We’re exploring neighborhood restaurants, so now we’re across town with friends at Delfina in the hip and still gritty Mission district. The place is crammed and noisy. Does everyone have to yell to be sure they’re having fun? The din may be outrageous, but the dinner is excellent: tagliatelle with chopped guinea hen sauce, delicate bass, a rich and silky pennacotta dessert. And an unusual wine, Anderson Valley sauvignon blanc, cidery and cloudy because it’s unfiltered.

Nob Hill Cafe, on Taylor Street, is in a tonier area, on the steep hill nob hill cafe sfnear some of the city’s loftiest hotels. It’s full of verve, cozy and friendly, with folks who know where to go for good Italian food. No reservations are taken, so we sip wine at a sidewalk table until we’re led inside and handed menus. Risotto with snap peas and tortellini in creamy pesto sauce–terrific. Also mango gelato with a cheesecake crust to finish it off.

Ferry Plaza Seafood is on the Embarcadero, very San Francisco. We eat outdoors with a view of the Bay Bridge, ferry traffic, strollers and bicyclists. My avocado stuffed with shrimp salad is a treat, along with bread at 50 cents per piece.  The bread charge goes to a good cause: restaurant workers’ health benefits. For dessert we munch on fabulous chocolate cookies from Village Market, a specialty foods shop in the Ferry Building. I’d go back for for those, as well as the other little shops selling exotic cheeses, chocolates, herbs, garden gear, ferry bldg mushroomsmushrooms and more. Then there’s the famous farmers’ market, on Ferry Plaza, where nearly 25,000 people a week come to buy produce, flowers, meats and eggs from regional farmers. A festive scene, on Tuesdays, Thursdays and Saturdays.

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redwood tree, Muir WoodsA million people a year come to Muir Woods, California, to gaze up at the world’s tallest living things. John and I are among them, treading the boardwalk that winds through the redwood trees along Redwood Creek, hearing exclamations of amazement in a dozen languages.  Muir Woods National Monument is a 560-acre park 12 miles north of the Gold Gate Bridge, open daily from 8 a.m. to sunset, with an entrance fee for ages 16 and older. There’s a visitor center and a gift shop, but everyone’s here for those magnificent, big trees. And I do mean big. Some coast redwoods are more than 252 feet high and 14 feet wide. Mature trees are 500 to 800 years old, and some have been standing for 1,000 years. (Redwoods in other California forests can reach 380 feet and 2,000 years.) They are beyond impressive, they give new meaning to awesome.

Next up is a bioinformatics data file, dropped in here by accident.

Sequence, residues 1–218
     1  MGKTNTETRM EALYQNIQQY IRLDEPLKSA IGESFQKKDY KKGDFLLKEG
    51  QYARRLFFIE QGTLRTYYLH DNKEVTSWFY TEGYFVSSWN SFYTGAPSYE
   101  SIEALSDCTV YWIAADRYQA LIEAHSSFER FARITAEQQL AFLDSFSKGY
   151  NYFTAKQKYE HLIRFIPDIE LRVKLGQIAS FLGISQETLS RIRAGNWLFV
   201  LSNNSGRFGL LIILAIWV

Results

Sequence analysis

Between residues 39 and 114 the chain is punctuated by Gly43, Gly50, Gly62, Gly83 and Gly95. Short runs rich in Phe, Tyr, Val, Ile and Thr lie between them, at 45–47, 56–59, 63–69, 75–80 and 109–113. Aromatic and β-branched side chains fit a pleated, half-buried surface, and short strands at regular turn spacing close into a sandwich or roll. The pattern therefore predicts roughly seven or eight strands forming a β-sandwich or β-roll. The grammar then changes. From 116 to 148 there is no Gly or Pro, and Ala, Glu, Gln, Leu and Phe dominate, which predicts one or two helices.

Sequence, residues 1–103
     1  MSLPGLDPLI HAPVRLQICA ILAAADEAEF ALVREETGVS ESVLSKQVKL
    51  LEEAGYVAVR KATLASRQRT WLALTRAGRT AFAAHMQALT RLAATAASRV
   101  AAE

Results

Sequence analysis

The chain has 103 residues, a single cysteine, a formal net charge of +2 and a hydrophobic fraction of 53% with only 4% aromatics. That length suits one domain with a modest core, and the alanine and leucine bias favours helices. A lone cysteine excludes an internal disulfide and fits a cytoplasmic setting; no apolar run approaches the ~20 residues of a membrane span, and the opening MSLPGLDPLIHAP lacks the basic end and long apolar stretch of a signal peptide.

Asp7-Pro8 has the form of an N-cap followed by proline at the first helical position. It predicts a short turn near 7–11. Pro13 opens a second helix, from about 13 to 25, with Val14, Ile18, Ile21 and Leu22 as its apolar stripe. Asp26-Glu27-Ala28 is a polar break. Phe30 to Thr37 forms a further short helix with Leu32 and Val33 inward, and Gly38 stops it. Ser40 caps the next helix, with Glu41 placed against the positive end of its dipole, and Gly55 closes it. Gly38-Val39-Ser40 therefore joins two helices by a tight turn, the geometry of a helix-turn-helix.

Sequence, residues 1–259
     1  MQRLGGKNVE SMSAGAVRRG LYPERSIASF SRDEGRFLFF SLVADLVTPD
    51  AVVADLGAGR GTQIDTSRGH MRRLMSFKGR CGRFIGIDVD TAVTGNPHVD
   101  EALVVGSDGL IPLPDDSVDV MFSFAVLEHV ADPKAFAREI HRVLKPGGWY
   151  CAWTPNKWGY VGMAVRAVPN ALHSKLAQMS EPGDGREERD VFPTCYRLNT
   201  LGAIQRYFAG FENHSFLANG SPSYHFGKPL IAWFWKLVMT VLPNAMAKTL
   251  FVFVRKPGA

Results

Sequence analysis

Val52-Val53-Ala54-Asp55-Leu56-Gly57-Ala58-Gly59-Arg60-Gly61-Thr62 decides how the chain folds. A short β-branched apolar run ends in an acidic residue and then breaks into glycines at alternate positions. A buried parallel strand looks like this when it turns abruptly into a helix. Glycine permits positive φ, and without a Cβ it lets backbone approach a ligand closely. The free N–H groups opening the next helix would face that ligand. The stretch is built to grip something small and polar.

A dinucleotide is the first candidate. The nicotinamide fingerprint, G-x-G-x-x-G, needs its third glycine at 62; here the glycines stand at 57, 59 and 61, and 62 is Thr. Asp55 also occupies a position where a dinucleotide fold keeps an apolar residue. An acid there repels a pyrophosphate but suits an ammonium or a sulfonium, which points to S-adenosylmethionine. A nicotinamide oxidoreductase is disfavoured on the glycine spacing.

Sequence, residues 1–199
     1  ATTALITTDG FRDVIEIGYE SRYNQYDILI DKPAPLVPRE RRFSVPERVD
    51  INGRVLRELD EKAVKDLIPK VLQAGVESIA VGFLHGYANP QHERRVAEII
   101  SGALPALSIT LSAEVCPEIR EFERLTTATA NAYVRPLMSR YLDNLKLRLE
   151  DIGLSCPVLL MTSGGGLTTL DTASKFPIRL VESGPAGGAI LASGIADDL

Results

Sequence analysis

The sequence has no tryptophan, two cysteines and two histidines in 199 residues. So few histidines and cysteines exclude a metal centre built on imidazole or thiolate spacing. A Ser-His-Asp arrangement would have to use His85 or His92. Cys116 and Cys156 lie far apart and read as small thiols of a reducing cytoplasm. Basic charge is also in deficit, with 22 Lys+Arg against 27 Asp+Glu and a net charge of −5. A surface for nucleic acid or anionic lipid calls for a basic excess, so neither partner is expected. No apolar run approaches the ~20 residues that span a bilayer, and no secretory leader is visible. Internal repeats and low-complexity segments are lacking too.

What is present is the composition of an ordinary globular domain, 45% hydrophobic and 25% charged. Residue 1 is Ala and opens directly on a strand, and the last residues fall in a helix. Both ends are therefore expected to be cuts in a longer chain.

We’re on the main canyon floor, where bridges across the creek allow short loop walks into the woods and back on the other side. Rangers are on hand to answer questions and good-naturedly take pictures of  kids posing against giant trees. Six miles of unpaved trails meander through Muir Woods, connecting with trails in Mt. Tamalpais State Park.

Mt. Tam is our other destination. It’s only a 40-minute drive from downtown San Francisco, but a world away, with trees, chaparral, and miles of trails  instead of high-rise buildings and concrete sidewalks.  The view from East Peak, view from Mt. Tamat 2,571 feet, is spectacular in every direction, even to the snowy Sierra Nevadas on the horizon. There’s a visitor center, open weekends, and a wheelchair-accessible trail. The Mt. Tamalpais Interpretive Association offers guided hikes, walks in the moonlight, and astronomy nights in summer, with telescopes for watching the stars.

I’ll be back for those, but lunch is currently on my mind. We head for Stinson Beach, a few miles from the park. This cafelittle coastal town (pop. 486) has antique and gift shops, a beach park, and a terrific cafe, Breakers. At a table on the patio, I’m eating the best chicken tortilla soup I’ve tasted outside of Mexico, and even better than some served there. John’s BLT is crammed with fresh tomatoes and thick, crispy bacon. The lemonade is tart and good. We love this place, and so do many others. The line of hungry customers extends to the front door.

Good food, a sunny day, and incredible natural beauty: perfection.